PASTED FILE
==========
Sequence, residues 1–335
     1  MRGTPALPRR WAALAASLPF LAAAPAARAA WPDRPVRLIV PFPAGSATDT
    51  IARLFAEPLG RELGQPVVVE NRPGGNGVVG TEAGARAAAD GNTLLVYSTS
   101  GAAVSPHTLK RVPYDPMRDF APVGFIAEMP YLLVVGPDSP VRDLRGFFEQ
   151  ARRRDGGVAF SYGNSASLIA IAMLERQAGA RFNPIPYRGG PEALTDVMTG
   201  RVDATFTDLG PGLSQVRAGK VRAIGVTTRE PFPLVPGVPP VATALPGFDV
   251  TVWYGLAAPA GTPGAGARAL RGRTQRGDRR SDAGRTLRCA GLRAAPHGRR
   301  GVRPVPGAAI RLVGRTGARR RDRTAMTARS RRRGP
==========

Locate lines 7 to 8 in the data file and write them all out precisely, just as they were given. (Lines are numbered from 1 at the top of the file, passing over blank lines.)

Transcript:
   251  TVWYGLAAPA GTPGAGARAL RGRTQRGDRR SDAGRTLRCA GLRAAPHGRR
   301  GVRPVPGAAI RLVGRTGARR RDRTAMTARS RRRGP